• If you are a patient please wash your hands before meals and after using the toilet and ensure your hands are clean before and after handling catheters, drips, dressings etc. Please do not sit on another patient's bed.
  • If you are a visitor, the hospitals also encourage you to wash your hands before and after visiting your friend or relative. You can use traditional soap and water or the hand rubs provided. These are alcohol based and kill germs very effectively. Again, please use the chairs provided rather than sit on your relative or friend's bed.
  • You should also report any unclean areas within the hospital wards to a member of staff so we can take action. 

Whether you are a patient or a visitor please don't be afraid to ask the doctor or nurse if they have washed their hands before they treat you or your relative or friend.

The truth about MRSA

Whilst we feel it is important that you know about MRSA and what we can do to stop it spreading, we don’t want people to be alarmed or to let it put you off coming to hospital. It is worth remembering that:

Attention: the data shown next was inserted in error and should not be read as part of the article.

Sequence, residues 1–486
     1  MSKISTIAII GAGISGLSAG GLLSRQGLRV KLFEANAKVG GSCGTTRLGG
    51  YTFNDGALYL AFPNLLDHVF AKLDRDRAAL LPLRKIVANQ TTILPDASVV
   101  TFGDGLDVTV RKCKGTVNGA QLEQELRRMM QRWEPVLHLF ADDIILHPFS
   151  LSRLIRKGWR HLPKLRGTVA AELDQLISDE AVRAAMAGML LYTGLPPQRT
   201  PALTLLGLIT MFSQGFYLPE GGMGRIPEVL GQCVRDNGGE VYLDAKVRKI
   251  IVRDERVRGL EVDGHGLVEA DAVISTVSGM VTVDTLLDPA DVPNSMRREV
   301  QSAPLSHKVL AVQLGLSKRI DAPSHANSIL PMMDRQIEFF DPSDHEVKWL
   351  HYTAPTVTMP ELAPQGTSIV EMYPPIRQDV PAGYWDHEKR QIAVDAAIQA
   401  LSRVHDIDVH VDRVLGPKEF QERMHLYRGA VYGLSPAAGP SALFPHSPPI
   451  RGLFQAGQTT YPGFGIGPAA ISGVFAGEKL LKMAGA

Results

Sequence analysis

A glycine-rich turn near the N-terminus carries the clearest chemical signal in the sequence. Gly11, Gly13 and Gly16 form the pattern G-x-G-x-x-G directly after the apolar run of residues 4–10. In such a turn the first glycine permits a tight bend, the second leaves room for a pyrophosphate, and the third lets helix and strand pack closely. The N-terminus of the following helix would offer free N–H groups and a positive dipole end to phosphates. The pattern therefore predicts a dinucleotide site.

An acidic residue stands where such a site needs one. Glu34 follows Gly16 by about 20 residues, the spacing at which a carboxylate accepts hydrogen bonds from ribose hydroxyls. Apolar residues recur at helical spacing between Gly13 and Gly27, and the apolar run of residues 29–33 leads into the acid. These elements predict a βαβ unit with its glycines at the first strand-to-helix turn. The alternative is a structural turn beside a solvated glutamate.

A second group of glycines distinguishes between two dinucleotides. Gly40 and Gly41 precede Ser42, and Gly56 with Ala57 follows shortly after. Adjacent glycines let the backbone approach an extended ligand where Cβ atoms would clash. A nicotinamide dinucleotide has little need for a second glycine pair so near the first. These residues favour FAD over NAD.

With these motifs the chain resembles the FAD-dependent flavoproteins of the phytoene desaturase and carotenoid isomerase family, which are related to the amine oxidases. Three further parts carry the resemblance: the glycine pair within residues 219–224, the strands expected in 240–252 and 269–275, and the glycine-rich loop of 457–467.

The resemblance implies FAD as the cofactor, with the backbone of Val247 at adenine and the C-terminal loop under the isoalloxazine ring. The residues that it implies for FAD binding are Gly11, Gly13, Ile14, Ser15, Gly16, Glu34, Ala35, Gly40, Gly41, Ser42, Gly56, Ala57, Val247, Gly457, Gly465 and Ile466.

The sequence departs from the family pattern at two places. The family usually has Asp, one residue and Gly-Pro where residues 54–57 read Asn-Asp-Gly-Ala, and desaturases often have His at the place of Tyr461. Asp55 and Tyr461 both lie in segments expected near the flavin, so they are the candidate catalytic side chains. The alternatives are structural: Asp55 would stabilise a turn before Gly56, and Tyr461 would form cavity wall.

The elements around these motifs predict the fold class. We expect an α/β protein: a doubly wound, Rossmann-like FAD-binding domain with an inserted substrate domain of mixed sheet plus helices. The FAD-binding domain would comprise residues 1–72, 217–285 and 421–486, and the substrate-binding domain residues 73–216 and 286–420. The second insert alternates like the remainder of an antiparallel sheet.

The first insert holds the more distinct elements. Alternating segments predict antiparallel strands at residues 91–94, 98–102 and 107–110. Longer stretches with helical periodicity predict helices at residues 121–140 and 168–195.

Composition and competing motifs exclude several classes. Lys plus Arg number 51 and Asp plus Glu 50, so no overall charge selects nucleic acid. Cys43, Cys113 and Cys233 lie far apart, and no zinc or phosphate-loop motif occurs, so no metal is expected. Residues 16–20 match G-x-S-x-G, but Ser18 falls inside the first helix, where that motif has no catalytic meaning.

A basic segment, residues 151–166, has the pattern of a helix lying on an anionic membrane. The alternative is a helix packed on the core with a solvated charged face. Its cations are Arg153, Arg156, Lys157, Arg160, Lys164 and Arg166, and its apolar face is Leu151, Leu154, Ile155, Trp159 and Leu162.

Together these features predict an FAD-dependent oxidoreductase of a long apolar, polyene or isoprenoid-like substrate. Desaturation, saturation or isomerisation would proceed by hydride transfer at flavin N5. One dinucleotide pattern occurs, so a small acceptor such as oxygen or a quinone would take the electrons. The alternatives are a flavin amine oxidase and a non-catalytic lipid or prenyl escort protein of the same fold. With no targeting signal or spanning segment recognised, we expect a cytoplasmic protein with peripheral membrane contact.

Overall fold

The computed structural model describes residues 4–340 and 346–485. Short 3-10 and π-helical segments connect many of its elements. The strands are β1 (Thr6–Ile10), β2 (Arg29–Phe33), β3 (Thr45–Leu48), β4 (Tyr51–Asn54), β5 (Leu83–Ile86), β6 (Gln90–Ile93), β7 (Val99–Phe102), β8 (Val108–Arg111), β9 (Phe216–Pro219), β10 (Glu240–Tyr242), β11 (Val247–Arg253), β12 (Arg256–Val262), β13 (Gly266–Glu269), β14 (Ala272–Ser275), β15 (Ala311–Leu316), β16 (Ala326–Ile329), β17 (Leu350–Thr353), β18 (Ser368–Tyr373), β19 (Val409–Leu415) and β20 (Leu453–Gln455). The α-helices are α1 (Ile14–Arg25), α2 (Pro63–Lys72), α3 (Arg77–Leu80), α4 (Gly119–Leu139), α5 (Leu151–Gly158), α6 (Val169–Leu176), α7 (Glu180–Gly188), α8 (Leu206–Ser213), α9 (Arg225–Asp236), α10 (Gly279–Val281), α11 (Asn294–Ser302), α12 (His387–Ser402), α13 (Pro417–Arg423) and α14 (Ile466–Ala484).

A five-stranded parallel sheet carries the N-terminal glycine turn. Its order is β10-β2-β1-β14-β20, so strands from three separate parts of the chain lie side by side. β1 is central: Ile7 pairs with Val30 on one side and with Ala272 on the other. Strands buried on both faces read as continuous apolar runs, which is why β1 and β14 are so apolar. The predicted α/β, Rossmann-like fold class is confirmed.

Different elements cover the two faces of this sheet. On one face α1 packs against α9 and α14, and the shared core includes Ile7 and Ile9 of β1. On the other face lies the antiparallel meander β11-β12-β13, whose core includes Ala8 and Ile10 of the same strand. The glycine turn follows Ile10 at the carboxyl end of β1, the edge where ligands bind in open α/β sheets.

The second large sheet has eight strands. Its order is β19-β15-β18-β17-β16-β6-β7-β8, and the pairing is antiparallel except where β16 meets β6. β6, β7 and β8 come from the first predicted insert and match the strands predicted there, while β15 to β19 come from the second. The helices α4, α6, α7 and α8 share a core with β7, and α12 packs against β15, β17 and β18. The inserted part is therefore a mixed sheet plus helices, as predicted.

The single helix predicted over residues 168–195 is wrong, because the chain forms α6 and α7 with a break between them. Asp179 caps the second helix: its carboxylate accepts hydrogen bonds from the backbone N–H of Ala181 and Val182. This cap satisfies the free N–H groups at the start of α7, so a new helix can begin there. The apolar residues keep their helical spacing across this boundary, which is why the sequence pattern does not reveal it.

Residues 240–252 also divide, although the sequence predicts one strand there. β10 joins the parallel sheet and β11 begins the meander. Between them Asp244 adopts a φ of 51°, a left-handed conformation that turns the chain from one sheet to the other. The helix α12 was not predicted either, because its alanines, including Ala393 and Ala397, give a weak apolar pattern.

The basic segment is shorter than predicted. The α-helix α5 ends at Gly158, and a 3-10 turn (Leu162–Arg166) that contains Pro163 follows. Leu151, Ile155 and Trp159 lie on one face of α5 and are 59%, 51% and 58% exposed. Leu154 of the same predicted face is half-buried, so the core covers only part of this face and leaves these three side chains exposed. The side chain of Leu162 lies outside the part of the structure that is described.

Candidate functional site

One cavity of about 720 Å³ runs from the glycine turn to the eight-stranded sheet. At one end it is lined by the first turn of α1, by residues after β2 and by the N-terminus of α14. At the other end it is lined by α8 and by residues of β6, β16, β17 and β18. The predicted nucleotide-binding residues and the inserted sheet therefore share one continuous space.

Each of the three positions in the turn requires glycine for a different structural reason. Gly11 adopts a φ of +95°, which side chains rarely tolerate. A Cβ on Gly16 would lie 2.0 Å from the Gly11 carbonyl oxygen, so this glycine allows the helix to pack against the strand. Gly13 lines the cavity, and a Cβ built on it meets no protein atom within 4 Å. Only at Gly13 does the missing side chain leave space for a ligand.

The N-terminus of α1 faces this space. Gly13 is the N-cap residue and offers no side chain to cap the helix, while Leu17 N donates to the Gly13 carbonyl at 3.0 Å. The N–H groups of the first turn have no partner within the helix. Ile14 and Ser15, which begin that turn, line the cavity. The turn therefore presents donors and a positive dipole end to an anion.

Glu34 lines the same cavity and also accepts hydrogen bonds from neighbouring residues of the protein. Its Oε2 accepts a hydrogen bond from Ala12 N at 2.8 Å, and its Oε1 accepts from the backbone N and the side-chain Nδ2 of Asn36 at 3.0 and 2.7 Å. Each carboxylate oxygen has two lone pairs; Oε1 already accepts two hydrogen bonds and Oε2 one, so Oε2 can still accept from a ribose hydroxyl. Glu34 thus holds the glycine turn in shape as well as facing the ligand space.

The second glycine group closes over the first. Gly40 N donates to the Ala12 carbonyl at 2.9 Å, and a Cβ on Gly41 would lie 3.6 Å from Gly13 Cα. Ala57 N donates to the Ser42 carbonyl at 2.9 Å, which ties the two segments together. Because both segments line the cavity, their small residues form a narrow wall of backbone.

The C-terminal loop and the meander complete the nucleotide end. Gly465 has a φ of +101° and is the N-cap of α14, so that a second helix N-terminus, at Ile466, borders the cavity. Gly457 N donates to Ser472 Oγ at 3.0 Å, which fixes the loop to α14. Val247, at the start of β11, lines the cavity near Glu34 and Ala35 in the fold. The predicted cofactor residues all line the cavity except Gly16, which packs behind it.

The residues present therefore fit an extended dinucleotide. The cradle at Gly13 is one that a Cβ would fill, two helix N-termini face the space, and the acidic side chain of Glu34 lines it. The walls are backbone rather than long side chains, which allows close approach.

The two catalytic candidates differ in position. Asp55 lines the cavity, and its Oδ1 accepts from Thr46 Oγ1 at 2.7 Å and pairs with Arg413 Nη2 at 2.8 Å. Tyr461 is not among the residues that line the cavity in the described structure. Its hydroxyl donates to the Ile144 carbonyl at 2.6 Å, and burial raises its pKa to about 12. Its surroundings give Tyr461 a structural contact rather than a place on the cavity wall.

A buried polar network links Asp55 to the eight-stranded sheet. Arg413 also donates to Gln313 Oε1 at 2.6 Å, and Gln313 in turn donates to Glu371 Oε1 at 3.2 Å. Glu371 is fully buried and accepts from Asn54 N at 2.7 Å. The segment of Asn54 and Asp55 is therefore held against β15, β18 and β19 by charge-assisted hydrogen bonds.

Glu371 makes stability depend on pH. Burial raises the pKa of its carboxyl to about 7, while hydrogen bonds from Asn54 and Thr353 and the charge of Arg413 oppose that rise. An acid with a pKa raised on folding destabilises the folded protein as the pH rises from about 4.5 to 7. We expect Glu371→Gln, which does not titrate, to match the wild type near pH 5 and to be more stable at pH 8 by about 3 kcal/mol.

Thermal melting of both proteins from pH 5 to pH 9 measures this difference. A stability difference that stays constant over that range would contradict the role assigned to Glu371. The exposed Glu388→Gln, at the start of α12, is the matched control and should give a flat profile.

• MRSA only affects a minority of people and not all people with MRSA will get an actual infection.
  • People do not usually have MRSA 'for life'. It can be treated successfully in many cases. It is only resistant to certain antibiotics.
  • People do not only catch it in hospitals, it can be caught whilst out in the community.
  • Importantly, MRSA does not pose a risk to healthy people (those without wounds or chronic illness).

Additional Information